Throughout the 20th century, Korea’s history was marked by oppressive governments and hardships beginning with Japan’s invasion and subsequent colonization of the country in 1910. After its liberation in 1945, the Global Cold War created ideological confrontations that divided the Korean peninsula into the Soviet-supported North and the U.S.–supported South. This eventually led to the Korean War and transformed the center of the peninsula into one of the most heavily militarized regions in the world. While an armistice exists, tensions continue to this day.

During the escalation, ideological confrontations prompted conflicts which resulted in executions to serve the political causes of each side. In South Korea, a civilian upheaval toppled Syngman Rhee's government in 1960. The following year, Park Chung-Hee, a military general, staged a coup. Park’s hard-line authoritarian rule was marked by notorious human rights abuses which lasted until an aide assassinated him in 1979. In May 1980, another group of politically-motivated military generals seized power by massacring civilians in Gwangju. In 1987, a civilian rebellion ushered in the democratization process by overturning the military government.

Considering the events that have occurred in Korea’s modern history, an accumulation of abuses and tragedies has left number of tarnished legacies. Without ever being fully dealt with, those who collaborated with the Japanese colonialists and with the subsequent dictatorial regimes, and acted as executioners for colonialism and dictatorships, as well as the systems and methods they operated under, remained impediments to Korea's democracy. Thus, in order to prevent these past wrong-doings from adversely affecting current Korean society, “the settlement of past incidents” attempts to examine and correct past misconduct.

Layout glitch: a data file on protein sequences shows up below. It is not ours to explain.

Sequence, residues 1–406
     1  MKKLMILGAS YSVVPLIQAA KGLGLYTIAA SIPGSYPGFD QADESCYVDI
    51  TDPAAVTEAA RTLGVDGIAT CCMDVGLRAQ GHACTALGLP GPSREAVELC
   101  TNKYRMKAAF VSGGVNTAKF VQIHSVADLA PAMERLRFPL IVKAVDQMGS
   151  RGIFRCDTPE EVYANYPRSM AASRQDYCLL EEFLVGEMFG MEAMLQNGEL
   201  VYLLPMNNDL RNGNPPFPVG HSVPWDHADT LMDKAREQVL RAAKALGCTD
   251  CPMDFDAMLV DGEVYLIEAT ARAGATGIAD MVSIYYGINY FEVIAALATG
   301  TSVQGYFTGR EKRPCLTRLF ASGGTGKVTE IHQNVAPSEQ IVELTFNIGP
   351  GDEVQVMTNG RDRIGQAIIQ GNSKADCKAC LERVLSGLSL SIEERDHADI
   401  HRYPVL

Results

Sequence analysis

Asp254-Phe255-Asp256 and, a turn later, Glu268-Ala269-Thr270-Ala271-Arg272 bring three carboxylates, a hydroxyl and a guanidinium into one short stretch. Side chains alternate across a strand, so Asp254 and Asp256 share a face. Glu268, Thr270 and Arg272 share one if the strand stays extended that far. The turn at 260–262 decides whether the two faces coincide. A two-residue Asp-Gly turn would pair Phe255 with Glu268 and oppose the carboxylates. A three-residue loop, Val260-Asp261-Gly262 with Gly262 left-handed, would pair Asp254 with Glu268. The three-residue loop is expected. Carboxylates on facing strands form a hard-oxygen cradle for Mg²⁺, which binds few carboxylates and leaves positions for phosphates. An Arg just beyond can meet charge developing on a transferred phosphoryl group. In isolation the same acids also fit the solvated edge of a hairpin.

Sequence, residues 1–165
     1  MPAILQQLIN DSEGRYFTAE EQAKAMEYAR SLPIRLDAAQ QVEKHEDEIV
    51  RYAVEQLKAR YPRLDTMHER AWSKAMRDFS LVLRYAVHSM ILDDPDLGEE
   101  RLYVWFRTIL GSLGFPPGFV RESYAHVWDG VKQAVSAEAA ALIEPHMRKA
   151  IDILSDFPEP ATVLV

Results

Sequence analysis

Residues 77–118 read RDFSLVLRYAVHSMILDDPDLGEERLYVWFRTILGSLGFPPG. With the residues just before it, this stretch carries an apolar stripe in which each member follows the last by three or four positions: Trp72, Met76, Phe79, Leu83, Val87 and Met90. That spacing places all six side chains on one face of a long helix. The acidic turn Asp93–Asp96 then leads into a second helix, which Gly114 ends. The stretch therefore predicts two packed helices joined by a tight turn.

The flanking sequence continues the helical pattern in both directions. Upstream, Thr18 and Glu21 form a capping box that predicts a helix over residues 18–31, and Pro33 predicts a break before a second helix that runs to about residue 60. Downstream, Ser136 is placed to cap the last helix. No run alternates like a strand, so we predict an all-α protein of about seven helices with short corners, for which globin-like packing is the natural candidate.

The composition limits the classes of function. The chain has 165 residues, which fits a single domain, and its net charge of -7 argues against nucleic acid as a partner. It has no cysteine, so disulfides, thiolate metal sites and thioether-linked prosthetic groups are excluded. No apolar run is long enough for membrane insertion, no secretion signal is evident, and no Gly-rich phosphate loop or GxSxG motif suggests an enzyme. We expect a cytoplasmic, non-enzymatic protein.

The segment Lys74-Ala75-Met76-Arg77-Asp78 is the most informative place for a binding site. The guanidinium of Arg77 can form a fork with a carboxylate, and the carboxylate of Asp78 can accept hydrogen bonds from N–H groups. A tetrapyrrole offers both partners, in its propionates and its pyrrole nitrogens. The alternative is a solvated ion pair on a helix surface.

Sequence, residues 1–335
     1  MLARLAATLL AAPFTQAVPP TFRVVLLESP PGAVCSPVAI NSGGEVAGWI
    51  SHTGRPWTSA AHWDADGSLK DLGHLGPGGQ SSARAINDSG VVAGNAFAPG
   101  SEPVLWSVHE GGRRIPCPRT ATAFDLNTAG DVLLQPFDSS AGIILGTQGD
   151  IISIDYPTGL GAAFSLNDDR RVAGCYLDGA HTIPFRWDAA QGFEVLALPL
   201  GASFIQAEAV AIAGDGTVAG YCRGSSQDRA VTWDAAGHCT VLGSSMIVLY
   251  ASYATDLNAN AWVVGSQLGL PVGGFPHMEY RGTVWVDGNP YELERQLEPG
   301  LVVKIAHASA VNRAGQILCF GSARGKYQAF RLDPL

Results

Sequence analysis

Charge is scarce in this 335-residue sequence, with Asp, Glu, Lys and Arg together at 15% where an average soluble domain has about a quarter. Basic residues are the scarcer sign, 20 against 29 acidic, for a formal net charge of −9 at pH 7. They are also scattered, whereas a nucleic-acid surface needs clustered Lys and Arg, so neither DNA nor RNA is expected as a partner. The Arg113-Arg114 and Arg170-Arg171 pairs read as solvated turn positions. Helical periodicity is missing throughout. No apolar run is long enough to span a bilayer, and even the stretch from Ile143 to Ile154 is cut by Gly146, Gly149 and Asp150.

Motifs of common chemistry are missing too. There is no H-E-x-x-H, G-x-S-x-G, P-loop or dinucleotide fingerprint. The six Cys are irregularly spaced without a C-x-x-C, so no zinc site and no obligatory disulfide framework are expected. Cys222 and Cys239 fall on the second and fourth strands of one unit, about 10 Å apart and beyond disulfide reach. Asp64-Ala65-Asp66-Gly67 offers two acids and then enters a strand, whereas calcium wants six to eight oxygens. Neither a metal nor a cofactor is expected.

The issues of past settlement are separated into three categories: Bringing to justice pro-Japanese supporters during the colonial era, revealing the truth behind massacres during the Korean War (including before and after the conflict) in order to restore honor to the victims, and verifying the facts of massacres and human rights abuses during Korea's democratization period so as to bring historical justice and truth. While these are three separate classifications, they share the common thread of dealing with repressive structures that ruled Korean society.

 

The Legacies of Japanese Colonialism

 

The issue of clarifying and resolving the legacies of Japanese colonialism by bringing to justice pro-Japanese collaborators has been controversial since 1945. After

 

 

the South Korean government's inauguration in 1948, it enacted the Special Act on Punishing Anti-National Conducts and established a committee to investigate and arrest pro-Japanese collaborators, but this failed to produce any results.

The Rhee government, which was established under the protection and guidance of the United States, had a policy of re-hiring officials who previously worked with the Japanese colonial government. In order to strengthen their political position in Korea, the United States and the Rhee government employed pro-Japanese officials rather than punishing them for their past wrong-doings. As a result, the committee’s activities were hindered, and they were eventually disbanded by the Rhee government. This allowed bureaucrats, policemen, and military officials who cooperated with Japanese colonialism to maintain their power and influence during the Rhee government and through the subsequent military regimes.